The Northwest Arkansas Municipal Arts Alliance (MAA) convenes municipal leaders across the region to shape a coordinated policy agenda. Through this year-long program, MAA equips leaders with policy tools, introduces them to a national network of peers, and contributes to a shared regional strategy. Centering arts and creativity, MAA integrates cross-disciplinary connections to pressing issues including creative workforce development, placemaking, active public realm, and diversity and belonging.
The MAA initiative addresses a need stated by regional leaders: as public spaces, cultural venues, and civic life are transforming across Northwest Arkansas, cities are seeking to foster an inclusive creative ecosystem and to invest in character of place.
MAA is overseen and facilitated by F. Philip Barash, a recognized leader in place-based learning.
A Community of Practice
The program is organized around a series of regular gatherings, or “sessions,” conducted by CACHE staff, in consultation with program participants. MAA invites national experts—in domains ranging from cultural planning to municipal finance—to provide inspiration to the cohort and to consult them on specific projects.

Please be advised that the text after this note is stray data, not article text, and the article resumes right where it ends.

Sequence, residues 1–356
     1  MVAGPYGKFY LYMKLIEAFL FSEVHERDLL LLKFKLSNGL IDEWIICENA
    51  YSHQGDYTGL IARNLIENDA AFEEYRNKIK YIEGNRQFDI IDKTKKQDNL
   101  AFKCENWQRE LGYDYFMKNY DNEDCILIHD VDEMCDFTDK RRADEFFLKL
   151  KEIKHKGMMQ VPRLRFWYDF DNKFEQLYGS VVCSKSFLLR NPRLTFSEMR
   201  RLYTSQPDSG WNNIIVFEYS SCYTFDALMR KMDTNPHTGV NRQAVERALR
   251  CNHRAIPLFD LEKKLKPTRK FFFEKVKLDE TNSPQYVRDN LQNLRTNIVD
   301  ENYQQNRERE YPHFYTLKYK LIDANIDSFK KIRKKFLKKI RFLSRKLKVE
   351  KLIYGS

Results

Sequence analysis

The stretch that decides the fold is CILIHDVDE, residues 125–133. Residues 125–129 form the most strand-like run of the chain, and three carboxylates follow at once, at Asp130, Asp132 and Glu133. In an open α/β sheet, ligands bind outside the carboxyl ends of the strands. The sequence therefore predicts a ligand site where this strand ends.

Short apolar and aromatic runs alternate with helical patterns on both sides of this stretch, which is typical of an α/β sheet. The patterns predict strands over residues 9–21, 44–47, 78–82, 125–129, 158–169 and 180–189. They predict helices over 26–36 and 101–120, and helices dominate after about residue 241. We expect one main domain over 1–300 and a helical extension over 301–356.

The first convening of the Municipal Arts Alliance served as a platform for rigorous discussions of cultural policy, strategic regional planning, and case-making for the arts.
With similarities to Northwest Arkansas, Boise is among the fastest-growing metros in the U.S., renowned for cultural amenities, outdoor recreational opportunities, and progressive policies. Like Northwest Arkansas, it is grappling with how to manage growth — both through physical development and cultural policy aimed at placekeeping. Joined by local Boise investors, cultural leaders, artists, and real estate developers, along with peers from government agencies, all were eager to learn, debate, and envision alongside one another. This trip provided for a rich program of formal and social learning, with plenty of time for discussion and reflection.
Over two days, the Alliance looked at examples of public art policies, strategic plans, and case studies across the U.S. MAA welcomed guests that brought expertise and insight to this topic through focusing on municipal art strategies, cross-sectoral partnerships, integration of artists into government agencies, curations and installations in the private sector, real estate and transit infrastructure and community engagement strategies and best practices in creative placemaking.
Arts and Economic Prosperity 6
CACHE is working with local partners, Arkansans for the Arts and the Arkansas Arts Council, to complete the sixth Arts & Economic Prosperity (AEP6) study. AEP6 will highlight the statewide economic impact of nonprofit arts and culture organizations and their audiences.